If you fire a stream of electrons at the double slit, the slit separates the the stream into two smaller streams and one stream interferes with the other because of their close proximity. This demonstrates the wavelike nature of electrons. This is easily understood.

The “notorious” or bizarre aspect of the experiment is observed when particles are fired at the slit one at a time and the same interference pattern develops over time. This calls into question the previous explanation because it is difficult to imagine how a particle can also act as a wave, even more difficult to explain, is how a single particle can interfere with itself unless it passes through both sides of the slit at the same time.

To add to the confusion, the interference pattern only forms when the slit is not observed. The interference pattern does not develop if the electron is observed to pass through one side of the slit or the other even if both slits remain open. An electron can either pass through one slit or the other but, if we know "which way" it went, the pattern does not form. Any knowledge of "which way" information destroys interference.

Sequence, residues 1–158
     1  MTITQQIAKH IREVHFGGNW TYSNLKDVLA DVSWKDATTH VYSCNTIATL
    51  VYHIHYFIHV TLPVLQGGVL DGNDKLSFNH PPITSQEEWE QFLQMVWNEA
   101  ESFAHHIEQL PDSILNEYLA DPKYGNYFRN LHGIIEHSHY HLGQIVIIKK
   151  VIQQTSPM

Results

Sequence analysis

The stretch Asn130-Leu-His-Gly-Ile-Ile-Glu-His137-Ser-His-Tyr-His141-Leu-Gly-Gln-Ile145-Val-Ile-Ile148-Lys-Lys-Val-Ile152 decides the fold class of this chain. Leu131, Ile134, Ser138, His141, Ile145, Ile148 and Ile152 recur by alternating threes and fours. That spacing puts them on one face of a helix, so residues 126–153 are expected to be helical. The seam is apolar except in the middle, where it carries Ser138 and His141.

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Re: Two-slit experiment details please

Postby JustAsking on September 9th, 2018, 8:05 am 

Thanks bangstrom, but I don't think you answered my question. I'm asking, in the bizarre case where particles are fired one at a time, how is it known that a single particle is being fired?
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Re: Two-slit experiment details please

Postby Braininvat on September 9th, 2018, 11:00 am 


I think there's a bit of confusion here. The double-slit experiment was not performed with "single photons" - it's very hard to even consider what that would mean. At its heart, it is a thought experiment, and it's not really possible to make a real-life device that tests it.